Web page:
Child care centers are required to ensure that meals and snacks are available to children during licensed hours of operation. Menus that meet the nutritional needs of children must be submitted for review. The site of preparation can be different for each of these meals and snacks served. For example, if the parents provide lunch, but the center provides breakfast and snacks, the menu should reflect the meals served by the center. If the center is planning to cater meals, but not snacks, the center must have a plan of how snacks will be provided.
Minnesota Rules, part 9503.0145, subpart 4 requires that each meal provides one-third (1/3) of the child’s daily nutritional needs, as specified by the United States Department of Agriculture, Food, and Nutrition Service (USDA). The actual number of meals and snacks a child must be provided is determined by how long the child is in attendance each day. Menu components, such as how many servings of fruit, whole grains, and dairy, are also specified by the USDA. Meal Patterns are provided by the Minnesota Department of Education that specify the USDA requirements for infants and children aged 1-18 years. The Department of Human Services (DHS) child care licensors monitor menus for compliance to USDA requirements and additional requirements related to food and water found in this chapter.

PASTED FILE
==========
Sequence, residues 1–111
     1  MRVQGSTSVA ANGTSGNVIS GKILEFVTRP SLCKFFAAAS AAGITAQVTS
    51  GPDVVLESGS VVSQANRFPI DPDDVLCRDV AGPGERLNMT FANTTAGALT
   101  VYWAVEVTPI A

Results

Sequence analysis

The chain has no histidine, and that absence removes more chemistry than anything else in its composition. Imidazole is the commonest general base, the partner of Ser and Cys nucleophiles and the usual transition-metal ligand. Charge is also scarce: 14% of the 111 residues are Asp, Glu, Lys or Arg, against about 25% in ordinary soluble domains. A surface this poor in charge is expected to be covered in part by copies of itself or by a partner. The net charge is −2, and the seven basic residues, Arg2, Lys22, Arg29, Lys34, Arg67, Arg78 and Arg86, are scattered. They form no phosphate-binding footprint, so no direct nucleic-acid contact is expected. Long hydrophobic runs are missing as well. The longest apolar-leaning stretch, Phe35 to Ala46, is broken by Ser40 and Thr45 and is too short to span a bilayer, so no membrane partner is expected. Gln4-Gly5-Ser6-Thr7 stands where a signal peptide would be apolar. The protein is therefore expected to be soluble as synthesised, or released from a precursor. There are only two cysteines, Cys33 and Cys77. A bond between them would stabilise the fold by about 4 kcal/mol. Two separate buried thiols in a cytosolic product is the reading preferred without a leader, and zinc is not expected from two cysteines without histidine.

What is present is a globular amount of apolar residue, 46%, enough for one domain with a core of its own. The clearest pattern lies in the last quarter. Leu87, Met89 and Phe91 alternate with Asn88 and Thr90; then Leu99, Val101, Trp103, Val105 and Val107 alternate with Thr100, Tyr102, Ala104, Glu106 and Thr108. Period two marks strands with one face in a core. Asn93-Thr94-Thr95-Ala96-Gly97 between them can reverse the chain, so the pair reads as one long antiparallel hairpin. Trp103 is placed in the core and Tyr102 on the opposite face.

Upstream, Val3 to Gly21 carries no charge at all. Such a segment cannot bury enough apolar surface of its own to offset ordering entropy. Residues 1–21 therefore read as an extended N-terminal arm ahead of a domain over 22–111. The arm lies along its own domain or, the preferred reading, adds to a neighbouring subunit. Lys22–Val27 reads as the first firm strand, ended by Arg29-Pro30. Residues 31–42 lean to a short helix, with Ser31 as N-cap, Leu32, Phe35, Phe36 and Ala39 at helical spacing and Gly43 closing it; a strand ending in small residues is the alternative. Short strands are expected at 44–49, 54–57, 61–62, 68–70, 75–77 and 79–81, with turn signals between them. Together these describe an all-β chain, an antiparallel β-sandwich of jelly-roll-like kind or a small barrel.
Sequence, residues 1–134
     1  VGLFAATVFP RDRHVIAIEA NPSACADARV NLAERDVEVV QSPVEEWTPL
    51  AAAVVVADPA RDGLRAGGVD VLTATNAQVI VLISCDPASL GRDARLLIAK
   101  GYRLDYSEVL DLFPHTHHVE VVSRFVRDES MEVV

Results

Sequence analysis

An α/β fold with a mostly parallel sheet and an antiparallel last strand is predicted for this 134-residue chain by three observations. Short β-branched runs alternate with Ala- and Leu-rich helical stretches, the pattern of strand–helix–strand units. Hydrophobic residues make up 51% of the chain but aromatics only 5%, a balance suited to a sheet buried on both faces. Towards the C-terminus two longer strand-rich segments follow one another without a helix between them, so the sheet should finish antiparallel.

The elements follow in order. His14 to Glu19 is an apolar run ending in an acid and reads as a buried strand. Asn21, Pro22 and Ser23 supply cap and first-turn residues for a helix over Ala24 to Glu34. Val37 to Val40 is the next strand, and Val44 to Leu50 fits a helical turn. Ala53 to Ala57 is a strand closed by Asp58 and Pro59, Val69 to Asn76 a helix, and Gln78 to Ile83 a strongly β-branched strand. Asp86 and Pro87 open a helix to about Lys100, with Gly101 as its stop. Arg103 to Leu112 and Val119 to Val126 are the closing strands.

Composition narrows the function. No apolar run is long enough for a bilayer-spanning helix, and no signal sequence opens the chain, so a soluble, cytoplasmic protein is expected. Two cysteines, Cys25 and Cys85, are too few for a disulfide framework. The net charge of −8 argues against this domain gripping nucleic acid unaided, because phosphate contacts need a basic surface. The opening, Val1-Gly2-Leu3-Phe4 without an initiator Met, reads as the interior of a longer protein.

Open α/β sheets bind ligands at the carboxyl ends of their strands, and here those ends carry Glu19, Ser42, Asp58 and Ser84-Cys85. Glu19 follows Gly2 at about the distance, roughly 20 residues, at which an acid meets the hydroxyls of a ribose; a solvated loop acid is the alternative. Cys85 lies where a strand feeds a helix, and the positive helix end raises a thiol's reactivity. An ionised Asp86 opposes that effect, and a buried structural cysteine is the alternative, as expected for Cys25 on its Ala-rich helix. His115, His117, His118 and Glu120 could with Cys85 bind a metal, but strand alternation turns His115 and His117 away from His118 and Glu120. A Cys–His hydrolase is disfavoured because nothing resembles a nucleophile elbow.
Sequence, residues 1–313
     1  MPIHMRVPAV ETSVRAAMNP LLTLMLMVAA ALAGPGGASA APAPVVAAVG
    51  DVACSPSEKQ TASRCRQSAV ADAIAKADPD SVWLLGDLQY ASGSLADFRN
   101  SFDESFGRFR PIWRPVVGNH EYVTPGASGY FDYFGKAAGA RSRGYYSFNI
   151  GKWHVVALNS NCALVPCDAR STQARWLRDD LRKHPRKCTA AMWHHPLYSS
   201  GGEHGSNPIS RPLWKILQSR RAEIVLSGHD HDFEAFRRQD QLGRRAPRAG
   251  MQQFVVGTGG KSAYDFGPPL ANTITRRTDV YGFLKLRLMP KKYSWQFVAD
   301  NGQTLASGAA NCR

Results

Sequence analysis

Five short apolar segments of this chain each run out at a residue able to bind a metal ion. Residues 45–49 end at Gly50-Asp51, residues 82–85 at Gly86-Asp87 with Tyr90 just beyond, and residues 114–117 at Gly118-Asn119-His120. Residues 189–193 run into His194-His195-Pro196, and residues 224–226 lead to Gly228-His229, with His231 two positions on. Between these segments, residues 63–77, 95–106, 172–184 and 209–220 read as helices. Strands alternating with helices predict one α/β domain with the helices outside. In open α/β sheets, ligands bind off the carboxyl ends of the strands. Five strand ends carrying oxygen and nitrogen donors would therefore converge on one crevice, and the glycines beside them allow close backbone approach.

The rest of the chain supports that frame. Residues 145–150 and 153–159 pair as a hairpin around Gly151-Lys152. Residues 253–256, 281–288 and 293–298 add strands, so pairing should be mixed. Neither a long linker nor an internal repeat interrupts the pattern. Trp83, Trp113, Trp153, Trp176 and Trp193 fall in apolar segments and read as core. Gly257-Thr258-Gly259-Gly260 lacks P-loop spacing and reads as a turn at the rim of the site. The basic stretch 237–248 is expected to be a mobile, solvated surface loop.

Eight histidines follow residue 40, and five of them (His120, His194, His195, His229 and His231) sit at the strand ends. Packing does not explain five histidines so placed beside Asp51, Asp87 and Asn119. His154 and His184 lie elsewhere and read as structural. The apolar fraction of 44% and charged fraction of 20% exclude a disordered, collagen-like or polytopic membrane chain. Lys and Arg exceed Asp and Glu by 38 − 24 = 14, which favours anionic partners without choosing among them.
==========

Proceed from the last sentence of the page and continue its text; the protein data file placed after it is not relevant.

Legal authority: Minnesota Rules, part 9503.0145
Specific types of equipment and supplies are required for each age category the child care center will be licensed to serve. Equipment purchases are often purchased during Phase II of the application process. Equipment must be age appropriate and address any special needs of children served. The center must have enough equipment for the number of children for which the center is licensed. If equipment is rotated among groups of children, there must be enough to serve the maximum group size of the age group using the equipment and the rotation must be shown on the daily schedule in the child care program plan. Equipment must be in good repair and accessible for use by the children during hours of operation each day. Accessible means that the equipment is stored in a location where children themselves are able to reach and use the equipment.